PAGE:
Written by Sylvester Chalira
This season Pep Guardiola’s Manchester City has taken the English Premier League by storm. They have set a new English record for consecutive wins (19) and, with 59 points and 61 goals accrued 21 games into a 38 game season, they are on course to beat the existing Premier League records for points in a single season (95, set by Jose Mourinho’s 2004/05 Chelsea side) and goals in a single season (103, set by Carlo Ancelotti’s 2009/10 Chelsea team).
Such is their dominance that, barely halfway through the season, the consensus already sees them as champions. With this being the case, the question of whether any of their rivals will be able to catch them in the coming seasons arises. Below we will look at the rest of the Big Six Premier League clubs and their chances of catching up with City.
Over recent seasons Tottenham have signed talented young players and Mauricio Pochettino’s coaching has consistently improved them. They have established themselves as a Champions League club and in Harry Kane they possess a striker who outscored Lionel Messi (56 to 54) in the calendar year 2017. There’s plenty to be happy about, but despite consistent overachieving they may not possess the financial clout to attract (and keep) the best players and to win major trophies. This season they have lost right-back Kyle Walker to Manchester City and fellow defenders Danny Rose and Toby Alderweireld are also looking to move on to better paying clubs. For context, Kane is their highest earner and at £100,000 per week is earning the equivalent of the average weekly salary for Manchester City and Manchester United squad players.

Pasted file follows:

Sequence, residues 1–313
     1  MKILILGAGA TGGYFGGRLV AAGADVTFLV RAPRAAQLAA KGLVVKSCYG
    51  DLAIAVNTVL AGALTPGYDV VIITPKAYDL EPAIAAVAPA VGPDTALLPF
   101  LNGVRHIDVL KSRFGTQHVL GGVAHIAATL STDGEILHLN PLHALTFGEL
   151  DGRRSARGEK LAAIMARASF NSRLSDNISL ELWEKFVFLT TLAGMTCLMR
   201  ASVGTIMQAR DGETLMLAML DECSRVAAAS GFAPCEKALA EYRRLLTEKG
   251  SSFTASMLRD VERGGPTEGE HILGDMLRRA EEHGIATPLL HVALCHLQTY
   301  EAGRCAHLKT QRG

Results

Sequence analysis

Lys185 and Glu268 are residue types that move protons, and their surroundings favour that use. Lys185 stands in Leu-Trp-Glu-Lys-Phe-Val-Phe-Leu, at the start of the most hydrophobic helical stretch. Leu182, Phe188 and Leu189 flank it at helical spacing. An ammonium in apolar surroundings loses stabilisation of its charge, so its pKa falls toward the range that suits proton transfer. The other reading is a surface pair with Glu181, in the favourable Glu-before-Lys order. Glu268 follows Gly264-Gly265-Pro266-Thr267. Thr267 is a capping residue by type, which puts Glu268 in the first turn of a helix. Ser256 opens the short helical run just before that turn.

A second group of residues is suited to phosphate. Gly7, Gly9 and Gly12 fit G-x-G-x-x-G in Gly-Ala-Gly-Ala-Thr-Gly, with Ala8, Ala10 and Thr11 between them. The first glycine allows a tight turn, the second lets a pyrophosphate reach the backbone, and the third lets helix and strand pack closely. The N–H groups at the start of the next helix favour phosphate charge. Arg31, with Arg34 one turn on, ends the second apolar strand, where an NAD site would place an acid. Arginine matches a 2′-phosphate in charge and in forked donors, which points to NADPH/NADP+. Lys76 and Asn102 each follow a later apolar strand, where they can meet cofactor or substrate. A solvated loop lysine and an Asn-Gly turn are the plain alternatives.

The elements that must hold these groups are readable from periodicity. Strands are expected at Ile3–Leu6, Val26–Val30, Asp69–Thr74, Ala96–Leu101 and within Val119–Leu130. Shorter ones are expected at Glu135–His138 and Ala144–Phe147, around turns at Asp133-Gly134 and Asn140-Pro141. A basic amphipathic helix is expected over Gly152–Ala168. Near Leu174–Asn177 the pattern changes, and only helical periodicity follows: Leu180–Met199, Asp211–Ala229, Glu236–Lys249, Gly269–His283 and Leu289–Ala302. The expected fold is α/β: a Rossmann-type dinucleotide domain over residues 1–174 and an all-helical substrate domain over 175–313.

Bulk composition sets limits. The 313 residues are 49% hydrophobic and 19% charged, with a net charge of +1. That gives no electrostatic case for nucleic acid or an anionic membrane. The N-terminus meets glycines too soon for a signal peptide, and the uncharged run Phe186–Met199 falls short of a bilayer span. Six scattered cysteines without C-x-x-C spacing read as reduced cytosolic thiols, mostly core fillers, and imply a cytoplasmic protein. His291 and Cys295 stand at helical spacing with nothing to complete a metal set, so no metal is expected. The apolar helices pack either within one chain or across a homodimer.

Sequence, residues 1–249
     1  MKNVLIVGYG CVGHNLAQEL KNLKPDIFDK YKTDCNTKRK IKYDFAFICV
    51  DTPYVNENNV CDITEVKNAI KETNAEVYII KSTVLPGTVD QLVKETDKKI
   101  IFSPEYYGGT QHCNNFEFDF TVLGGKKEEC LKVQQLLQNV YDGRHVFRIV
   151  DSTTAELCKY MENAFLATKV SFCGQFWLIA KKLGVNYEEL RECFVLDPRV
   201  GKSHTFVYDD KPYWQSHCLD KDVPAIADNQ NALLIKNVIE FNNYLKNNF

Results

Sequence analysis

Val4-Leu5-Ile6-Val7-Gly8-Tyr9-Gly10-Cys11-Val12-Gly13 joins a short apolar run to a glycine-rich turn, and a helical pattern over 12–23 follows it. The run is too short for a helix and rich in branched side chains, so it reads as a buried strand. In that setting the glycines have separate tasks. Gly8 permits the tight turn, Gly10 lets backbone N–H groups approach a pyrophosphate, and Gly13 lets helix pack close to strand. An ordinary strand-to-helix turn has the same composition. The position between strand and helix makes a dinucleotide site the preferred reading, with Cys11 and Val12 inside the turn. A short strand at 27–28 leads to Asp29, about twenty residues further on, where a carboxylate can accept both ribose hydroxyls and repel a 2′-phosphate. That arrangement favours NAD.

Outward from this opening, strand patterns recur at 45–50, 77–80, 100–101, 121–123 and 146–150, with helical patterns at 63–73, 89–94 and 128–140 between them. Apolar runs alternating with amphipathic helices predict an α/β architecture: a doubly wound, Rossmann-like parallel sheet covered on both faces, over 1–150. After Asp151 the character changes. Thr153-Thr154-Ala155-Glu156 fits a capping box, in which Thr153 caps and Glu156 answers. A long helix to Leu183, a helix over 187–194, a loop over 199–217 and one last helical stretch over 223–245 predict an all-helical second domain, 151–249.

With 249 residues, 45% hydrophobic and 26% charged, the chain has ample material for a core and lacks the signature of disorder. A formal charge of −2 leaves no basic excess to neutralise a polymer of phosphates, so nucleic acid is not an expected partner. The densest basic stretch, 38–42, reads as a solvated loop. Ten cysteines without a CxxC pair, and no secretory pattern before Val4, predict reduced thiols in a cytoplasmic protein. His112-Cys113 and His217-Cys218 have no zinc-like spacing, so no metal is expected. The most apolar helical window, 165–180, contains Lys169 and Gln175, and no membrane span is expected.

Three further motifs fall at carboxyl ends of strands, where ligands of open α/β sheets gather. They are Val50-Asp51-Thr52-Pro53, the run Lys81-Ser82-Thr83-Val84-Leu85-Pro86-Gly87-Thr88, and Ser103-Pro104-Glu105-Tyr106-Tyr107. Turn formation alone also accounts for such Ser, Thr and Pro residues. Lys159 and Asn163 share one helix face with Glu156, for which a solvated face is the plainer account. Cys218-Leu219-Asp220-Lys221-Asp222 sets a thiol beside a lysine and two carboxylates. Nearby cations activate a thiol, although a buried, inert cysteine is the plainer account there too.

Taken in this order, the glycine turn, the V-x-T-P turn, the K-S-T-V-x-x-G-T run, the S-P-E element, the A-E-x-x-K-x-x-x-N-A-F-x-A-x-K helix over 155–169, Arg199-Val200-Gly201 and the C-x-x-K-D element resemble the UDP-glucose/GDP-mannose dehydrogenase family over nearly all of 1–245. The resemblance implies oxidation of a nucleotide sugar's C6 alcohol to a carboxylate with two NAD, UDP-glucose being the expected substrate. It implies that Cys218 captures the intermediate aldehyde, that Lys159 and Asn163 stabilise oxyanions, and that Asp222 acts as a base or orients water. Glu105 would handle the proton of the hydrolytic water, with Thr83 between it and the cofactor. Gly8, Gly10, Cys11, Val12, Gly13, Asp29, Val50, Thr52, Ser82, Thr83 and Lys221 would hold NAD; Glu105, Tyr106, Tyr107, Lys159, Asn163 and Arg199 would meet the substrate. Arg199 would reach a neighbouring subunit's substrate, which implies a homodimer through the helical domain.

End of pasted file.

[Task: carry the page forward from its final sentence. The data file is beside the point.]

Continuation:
Tottenham are building a 62,000 seater stadium to boost their match day revenue. It is budgeted to cost £400m, a significant drain on the club’s resources. Internationally, their brand cannot match the commercial appeal (or revenues) of the other, more recently successful Big Six teams and as such they will need to start winning trophies soon to maintain momentum and hold on to their best players, whose agents will be well aware of how much can be earned elsewhere.
Arsene Wenger’s coaching methods and scouting network were once cutting edge, but have fallen behind in recent years. The majority of his signings no longer become world beaters and teams know how to exploit the weaknesses of his system. He offers stability, but little else. Arsenal will be near, but not at the top while he remains manager.
The hires of Sven Mislintat from Borussia Dortmund as Head of Recruitment and Raul Sanllehi from Barcelona as Chief Negotiator show that the transition to a new setup has begun. Future success will be dependent on the club’s next Head Coach appointment having a similar impact to the last one.
Chelsea has an excellent team, but a thin squad. Like Jose Mourinho before him, Antonio Conte fell out with his superiors when last season’s League trophy win was not rewarded with ambition in the transfer market. Unlike Mourinho in 2015/16, Conte has kept the team competitive, but it is now an open secret that he will be leaving after this season. Carlo Ancelotti is in the frame to return to the club where he won the League and FA Cup double in 2010. He would probably guarantee a more aesthetically pleasing style of football, but he (or whichever other coach replaces Conte) will need the financial backing that his two immediate predecessors were denied to catch up with the new standards being set by Manchester City.